He added: “There is no such thing as “Islamophobia.” This is a term of propaganda designed to protect Islam from the forces of secularism by conflating all criticism of it with racism and xenophobia. And it is doing its job, because people like you have been taken in by it.”

But the email exchange did little to convince Greenwald who has since responded on the Guardian website with a lengthy piece attacking Harris. Like Chomsky, who has also been a vocal critic of New Atheism, he blames writers like Harris for using their particularly anti-Islamic brand of rational non-belief to justify American foreign policies over the last decade.

“When criticism of religion morphs into an undue focus on Islam - particularly at the same time the western world has been engaged in a decade-long splurge of violence, aggression and human rights abuses against Muslims, justified by a sustained demonization campaign - then I find these objections to the New Atheists completely warranted,” Greenwald concludes. “In sum, [New Atheism] sprinkles intellectual atheism on top of the standard neocon, right-wing worldview of Muslims.”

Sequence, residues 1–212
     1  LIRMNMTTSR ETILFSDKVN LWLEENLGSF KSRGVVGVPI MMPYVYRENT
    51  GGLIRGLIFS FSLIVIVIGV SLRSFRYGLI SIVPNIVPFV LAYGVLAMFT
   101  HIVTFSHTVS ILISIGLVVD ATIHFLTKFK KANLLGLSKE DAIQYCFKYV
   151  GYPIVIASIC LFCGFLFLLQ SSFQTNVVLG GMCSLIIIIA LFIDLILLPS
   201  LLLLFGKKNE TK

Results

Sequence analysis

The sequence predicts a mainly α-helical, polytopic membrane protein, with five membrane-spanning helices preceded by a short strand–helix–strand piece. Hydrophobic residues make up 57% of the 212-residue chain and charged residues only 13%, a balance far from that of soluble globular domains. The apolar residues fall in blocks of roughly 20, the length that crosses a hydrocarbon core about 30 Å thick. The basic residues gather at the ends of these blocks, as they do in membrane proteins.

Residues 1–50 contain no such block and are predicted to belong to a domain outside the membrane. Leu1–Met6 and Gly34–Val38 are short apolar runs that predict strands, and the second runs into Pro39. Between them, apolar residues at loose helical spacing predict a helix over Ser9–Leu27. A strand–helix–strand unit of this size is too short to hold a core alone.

News
people'It can last and it's terrifying'
Sport
Danny Welbeck's Manchester United future is in doubt
footballStriker in talks over £17m move from Manchester United
Sport
Radamel Falcao
footballManchester United agree loan deal for Monaco striker Falcao
Sport
Louis van Gaal, Radamel Falcao, Arturo Vidal, Mats Hummels and Javier Hernandez
footballFalcao, Hernandez, Welbeck and every deal live as it happens
PROMOTED VIDEO
Have you tried new the Independent Digital Edition apps?
News
ebooksAn unforgettable anthology of contemporary reportage
Sport
footballFeaturing Bart Simpson
News
Kelly Brook
peopleA spokesperson said the support group was 'extremely disappointed'
Sport
Andy Murray celebrates a shot while playing Jo-Wilfried Tsonga
TennisWin sets up blockbuster US Open quarter-final against Djokovic
News
i100
Life and Style
techIf those brochure kitchens look a little too perfect to be true, well, that’s probably because they are
Arts and Entertainment